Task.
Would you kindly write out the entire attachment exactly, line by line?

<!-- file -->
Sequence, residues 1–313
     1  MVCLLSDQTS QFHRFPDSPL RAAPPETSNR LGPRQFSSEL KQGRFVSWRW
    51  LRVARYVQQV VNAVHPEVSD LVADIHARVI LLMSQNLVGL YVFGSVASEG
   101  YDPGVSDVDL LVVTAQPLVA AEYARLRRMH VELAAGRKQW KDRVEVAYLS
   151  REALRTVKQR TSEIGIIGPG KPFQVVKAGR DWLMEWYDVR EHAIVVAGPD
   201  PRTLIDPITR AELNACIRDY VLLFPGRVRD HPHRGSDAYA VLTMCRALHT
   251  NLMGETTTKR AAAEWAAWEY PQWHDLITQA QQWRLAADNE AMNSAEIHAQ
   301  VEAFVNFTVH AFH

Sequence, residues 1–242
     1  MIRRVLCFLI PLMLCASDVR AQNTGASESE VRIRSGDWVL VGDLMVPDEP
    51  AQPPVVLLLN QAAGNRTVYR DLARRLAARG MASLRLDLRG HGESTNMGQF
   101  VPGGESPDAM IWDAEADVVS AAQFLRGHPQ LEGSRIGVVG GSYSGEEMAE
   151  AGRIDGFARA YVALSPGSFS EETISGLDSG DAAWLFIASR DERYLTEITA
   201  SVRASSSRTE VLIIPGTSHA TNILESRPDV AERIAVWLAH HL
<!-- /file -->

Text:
Sequence, residues 1–313
     1  MVCLLSDQTS QFHRFPDSPL RAAPPETSNR LGPRQFSSEL KQGRFVSWRW
    51  LRVARYVQQV VNAVHPEVSD LVADIHARVI LLMSQNLVGL YVFGSVASEG
   101  YDPGVSDVDL LVVTAQPLVA AEYARLRRMH VELAAGRKQW KDRVEVAYLS
   151  REALRTVKQR TSEIGIIGPG KPFQVVKAGR DWLMEWYDVR EHAIVVAGPD
   201  PRTLIDPITR AELNACIRDY VLLFPGRVRD HPHRGSDAYA VLTMCRALHT
   251  NLMGETTTKR AAAEWAAWEY PQWHDLITQA QQWRLAADNE AMNSAEIHAQ
   301  VEAFVNFTVH AFH

Sequence, residues 1–242
     1  MIRRVLCFLI PLMLCASDVR AQNTGASESE VRIRSGDWVL VGDLMVPDEP
    51  AQPPVVLLLN QAAGNRTVYR DLARRLAARG MASLRLDLRG HGESTNMGQF
   101  VPGGESPDAM IWDAEADVVS AAQFLRGHPQ LEGSRIGVVG GSYSGEEMAE
   151  AGRIDGFARA YVALSPGSFS EETISGLDSG DAAWLFIASR DERYLTEITA
   201  SVRASSSRTE VLIIPGTSHA TNILESRPDV AERIAVWLAH HL